Monday, January 14, 2008

Mame Bana

By the time my aunt intervened and moved us out of the house, I had blossomed into a hunchback nursing, awkward pre-teen on her way to Dakar’s own 90210 High School. My height and bony figure made me standout like a sore thumb amongst my friends and other 7th graders. Years of fighting off bullies, after school to get my name back from giraffe and skeletor had all but drained my self-esteem and while all of my suddenly curvy friends were pmsing and having secret crushes, I was left deeply insecure and uncomfortable in my own skin. I became angry, even callous towards those around me; so much so that my grandmother nicknamed me Gaïnde, the lion because it didn’t take much effort to upset me. I spent my days beating up my sister, my cousin and roaring at anyone who dared defy me.
Although I didn’t understand a word they were singing, I would lock myself in the room the three of us shared, listen to Boyz II Men’s Evolution CD and cry my eyes out. I needed my mother and I wanted my father to give a fuck about me; I hated, I hate him for abandoning me, for relegating his fatherly duties to someone else.
I envied what all my friends seemed to have. I wanted to be pretty, to be wanted and loved like they were. I wanted their parents to be my parents. I wanted love. I was surrounded by people; but I was lonely. I felt so unwanted, so ugly. No one, not even I understood what I was going through. I was in so much pain. Pain I couldn’t describe or pinpoint its’ source. Not even my grandmother’s unconditional love and patience could appease me. Looking back, I can honestly say that she saved me from myself.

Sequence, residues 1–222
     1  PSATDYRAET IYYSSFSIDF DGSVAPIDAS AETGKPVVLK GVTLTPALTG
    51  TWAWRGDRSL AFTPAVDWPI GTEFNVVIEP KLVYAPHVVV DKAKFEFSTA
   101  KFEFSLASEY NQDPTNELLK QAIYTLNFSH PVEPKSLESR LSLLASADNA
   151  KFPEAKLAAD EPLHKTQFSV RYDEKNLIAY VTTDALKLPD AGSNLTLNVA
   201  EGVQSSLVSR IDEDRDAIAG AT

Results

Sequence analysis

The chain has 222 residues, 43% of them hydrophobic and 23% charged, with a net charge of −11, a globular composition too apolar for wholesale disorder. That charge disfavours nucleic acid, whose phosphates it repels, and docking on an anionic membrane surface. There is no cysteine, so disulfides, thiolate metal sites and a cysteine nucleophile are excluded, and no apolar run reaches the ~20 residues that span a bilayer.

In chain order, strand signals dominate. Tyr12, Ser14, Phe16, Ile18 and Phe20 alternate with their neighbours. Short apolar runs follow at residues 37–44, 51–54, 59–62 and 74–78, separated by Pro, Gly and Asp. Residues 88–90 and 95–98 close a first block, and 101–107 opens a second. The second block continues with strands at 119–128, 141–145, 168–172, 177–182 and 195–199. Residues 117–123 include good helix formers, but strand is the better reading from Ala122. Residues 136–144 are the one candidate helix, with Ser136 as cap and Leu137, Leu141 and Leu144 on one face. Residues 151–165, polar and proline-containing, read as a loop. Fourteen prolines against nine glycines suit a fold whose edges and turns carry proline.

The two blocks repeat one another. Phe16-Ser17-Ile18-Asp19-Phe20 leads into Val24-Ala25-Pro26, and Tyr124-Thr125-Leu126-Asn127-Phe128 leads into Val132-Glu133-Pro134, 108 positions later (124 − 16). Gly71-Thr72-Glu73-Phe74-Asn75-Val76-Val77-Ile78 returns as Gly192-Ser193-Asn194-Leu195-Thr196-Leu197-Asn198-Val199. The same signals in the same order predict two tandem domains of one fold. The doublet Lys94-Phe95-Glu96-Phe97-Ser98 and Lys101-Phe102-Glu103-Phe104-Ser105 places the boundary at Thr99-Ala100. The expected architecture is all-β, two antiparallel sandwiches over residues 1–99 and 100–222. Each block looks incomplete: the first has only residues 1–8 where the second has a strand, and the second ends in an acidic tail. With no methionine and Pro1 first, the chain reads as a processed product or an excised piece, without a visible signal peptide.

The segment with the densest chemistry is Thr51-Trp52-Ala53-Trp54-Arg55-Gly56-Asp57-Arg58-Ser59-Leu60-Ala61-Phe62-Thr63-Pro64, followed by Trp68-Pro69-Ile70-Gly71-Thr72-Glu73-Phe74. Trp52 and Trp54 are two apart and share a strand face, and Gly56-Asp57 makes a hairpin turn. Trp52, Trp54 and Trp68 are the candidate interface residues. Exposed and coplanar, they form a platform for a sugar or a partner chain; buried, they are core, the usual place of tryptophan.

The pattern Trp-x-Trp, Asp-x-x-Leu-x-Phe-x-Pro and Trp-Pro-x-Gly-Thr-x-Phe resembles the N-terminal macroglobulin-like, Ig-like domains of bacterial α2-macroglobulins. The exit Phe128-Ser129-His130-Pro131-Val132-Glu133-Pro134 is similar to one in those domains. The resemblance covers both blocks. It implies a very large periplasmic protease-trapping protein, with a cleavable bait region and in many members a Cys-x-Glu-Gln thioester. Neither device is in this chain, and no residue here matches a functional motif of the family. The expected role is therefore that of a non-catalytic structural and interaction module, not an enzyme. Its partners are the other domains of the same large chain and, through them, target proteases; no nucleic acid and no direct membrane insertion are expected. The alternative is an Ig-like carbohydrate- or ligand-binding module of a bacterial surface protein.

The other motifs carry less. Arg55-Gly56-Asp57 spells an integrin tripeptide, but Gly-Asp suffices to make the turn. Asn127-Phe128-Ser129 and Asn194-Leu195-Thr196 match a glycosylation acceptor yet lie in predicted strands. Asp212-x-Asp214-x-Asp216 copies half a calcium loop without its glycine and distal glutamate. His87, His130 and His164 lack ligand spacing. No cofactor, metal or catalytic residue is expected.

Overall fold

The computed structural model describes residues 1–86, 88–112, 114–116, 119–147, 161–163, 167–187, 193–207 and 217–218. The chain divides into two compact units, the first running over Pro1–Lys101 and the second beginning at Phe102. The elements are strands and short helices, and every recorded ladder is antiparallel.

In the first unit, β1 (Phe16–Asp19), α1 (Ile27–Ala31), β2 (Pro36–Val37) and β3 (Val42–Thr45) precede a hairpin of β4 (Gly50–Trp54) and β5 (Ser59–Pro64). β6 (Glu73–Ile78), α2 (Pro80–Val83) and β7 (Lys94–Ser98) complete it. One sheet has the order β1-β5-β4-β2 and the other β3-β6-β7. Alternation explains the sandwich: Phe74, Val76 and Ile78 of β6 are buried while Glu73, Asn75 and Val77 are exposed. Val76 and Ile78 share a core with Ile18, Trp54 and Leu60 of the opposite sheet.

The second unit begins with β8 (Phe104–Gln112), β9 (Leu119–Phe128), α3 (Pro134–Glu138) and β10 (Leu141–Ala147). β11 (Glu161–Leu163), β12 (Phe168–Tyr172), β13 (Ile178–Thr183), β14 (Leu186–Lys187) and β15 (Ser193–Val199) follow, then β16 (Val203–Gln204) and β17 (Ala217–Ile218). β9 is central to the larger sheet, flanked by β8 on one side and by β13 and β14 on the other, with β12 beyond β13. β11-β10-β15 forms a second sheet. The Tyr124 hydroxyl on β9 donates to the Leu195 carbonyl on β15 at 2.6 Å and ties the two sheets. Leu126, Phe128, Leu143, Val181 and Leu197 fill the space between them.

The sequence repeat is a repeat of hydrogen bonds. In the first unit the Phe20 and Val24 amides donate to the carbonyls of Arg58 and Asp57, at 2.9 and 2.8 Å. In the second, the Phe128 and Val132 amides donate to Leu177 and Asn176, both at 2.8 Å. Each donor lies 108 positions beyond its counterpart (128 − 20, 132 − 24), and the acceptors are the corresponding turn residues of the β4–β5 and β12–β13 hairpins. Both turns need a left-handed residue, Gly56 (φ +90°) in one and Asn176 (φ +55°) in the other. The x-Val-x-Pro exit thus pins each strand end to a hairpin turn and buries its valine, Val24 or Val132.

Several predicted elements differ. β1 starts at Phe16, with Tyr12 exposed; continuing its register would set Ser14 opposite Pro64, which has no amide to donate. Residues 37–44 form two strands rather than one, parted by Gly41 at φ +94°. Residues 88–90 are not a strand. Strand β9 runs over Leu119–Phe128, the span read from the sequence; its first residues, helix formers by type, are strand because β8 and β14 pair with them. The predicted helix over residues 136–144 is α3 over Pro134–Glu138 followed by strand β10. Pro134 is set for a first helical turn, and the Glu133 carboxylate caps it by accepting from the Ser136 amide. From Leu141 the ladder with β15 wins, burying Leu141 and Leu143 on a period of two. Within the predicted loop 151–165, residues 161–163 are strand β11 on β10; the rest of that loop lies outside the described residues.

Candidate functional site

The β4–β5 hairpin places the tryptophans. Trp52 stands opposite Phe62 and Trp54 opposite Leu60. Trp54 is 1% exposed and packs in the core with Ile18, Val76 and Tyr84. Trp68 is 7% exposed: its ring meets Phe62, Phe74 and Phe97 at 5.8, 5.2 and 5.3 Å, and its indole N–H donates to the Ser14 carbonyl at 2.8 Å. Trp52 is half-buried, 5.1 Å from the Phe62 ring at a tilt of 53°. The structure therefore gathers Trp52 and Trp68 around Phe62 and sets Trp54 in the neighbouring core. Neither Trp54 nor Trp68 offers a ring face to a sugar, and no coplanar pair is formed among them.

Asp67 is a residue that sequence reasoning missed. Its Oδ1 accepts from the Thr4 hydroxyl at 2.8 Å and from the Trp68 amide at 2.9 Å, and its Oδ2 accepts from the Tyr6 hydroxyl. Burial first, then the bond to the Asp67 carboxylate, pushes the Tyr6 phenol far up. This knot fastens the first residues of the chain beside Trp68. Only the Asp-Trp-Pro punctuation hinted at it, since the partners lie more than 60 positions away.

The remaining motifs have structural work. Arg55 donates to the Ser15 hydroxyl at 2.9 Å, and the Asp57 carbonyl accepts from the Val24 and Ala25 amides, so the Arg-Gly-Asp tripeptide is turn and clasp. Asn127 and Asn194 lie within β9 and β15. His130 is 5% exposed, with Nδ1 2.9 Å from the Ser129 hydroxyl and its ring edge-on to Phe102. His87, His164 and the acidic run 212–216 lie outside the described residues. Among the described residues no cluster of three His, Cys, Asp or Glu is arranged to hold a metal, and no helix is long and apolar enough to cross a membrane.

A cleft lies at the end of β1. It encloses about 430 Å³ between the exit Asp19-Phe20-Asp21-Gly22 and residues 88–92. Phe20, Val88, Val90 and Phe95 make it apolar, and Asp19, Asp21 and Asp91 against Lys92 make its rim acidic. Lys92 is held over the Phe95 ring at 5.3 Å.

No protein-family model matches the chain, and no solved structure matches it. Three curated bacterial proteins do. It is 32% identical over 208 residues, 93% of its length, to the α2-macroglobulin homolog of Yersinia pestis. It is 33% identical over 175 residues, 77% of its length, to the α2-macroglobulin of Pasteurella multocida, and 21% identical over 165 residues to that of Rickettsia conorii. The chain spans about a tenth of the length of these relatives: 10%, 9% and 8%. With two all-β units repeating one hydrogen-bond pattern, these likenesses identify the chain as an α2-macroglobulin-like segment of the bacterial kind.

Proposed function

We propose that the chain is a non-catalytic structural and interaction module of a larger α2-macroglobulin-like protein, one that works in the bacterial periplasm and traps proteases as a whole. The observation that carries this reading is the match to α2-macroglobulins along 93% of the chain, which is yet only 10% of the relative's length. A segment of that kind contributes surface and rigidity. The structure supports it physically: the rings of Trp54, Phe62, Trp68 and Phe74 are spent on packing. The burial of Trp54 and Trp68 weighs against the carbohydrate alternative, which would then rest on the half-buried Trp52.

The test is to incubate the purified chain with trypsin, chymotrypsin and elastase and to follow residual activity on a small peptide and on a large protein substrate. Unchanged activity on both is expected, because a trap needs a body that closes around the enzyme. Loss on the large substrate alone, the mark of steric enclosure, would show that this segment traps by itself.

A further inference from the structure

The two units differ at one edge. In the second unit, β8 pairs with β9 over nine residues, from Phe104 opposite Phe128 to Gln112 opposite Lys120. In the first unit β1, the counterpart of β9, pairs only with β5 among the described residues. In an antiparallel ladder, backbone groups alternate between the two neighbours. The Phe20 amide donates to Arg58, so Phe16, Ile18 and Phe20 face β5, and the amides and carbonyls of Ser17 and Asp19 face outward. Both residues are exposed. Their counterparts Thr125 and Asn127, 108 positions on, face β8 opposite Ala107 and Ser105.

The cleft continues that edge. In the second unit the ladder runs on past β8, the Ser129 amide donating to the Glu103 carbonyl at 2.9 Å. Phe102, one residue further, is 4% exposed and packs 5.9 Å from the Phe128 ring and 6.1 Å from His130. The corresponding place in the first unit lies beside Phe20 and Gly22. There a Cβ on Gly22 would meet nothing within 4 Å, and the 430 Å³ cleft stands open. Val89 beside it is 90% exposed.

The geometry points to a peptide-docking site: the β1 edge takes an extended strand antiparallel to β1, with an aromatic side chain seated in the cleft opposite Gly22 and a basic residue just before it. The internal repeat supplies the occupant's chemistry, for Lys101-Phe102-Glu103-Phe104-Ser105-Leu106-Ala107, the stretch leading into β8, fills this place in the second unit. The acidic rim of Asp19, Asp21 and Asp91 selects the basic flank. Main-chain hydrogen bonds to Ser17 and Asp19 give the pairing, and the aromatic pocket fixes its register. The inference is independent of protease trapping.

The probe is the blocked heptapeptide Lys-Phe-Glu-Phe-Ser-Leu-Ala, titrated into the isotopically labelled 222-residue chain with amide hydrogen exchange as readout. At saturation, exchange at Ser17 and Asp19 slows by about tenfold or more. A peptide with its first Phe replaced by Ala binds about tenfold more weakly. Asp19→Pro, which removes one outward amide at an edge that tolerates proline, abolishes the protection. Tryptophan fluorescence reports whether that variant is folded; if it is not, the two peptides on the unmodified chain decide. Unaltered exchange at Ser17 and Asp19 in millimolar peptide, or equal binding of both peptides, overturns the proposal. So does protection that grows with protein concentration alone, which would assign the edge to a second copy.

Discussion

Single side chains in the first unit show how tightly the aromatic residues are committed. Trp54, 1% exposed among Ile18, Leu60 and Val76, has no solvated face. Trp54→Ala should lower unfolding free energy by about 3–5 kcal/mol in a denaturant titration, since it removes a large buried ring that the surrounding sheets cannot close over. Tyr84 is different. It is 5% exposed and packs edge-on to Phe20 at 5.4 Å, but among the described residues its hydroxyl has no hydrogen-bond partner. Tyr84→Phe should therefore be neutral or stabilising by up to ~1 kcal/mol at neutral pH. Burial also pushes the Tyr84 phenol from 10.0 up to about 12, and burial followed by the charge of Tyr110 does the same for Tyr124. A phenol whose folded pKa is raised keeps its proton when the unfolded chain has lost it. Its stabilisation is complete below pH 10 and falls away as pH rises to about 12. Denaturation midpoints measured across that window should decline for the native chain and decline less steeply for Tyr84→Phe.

Like my mother, my grandmother was a spunky, petite woman. The 3rd out of 4 girls, her family migrated from a neighboring country when she was very little. Although her father forbade her and her sisters from ever going to school, she was smart enough to realize the value of an education and the importance of a degree in a woman’s hands. That is the only thing no one will ever take away from you djaja, she used to tell me; and I believe her. She can’t read nor can she write, yet she taught herself French, raised 8 children; and 3 grand-daughters on her own. She made sure that regardless of gender, we all went to school and had access to the same opportunities as others. She insisted on good grades and wouldn’t accept anything but from me.
I have many flaws; but all of my qualities as a woman, any good deed I perform, any success I ever achieve in life comes from my Mame Bana.

7 comments:

GRANDPLACE said...

Fortunately, your grandmother was there! You really didn't realise how usefull she was.

Sayuri Jane said...

I haven't seen her in almost 8 years and now i realize how lucky i was to have her there when i was growing up.

GRANDPLACE said...

"Not even my grandmother’s unconditional love and patience could appease me".= That means Mame Bana was doing her best to prevent you from being sad! hopless! helpless!... She also suffered a lot (i imagine) for not being able to make you feel happy!

Treehouse Dwellers said...

you write with such depth about something so personal and difficult. I admire your guts - the guts you had as a child, and the guts you have as an adult. You can be a real role model for others going to really tough times.
Thanks for having the guts to share this.

Sayuri Jane said...

Tx Treehouse for the comment. i truly hope that if others who went through the same things i did read my blog, they realize that they can get through the pain, that they can speak up because it does heal.

Sahasi said...

Candid and honest writing. I liked it. I am going to give a link to your blog on mine.... if you are ok with it.

Sayuri Jane said...

Thank you so much; that would be an honor.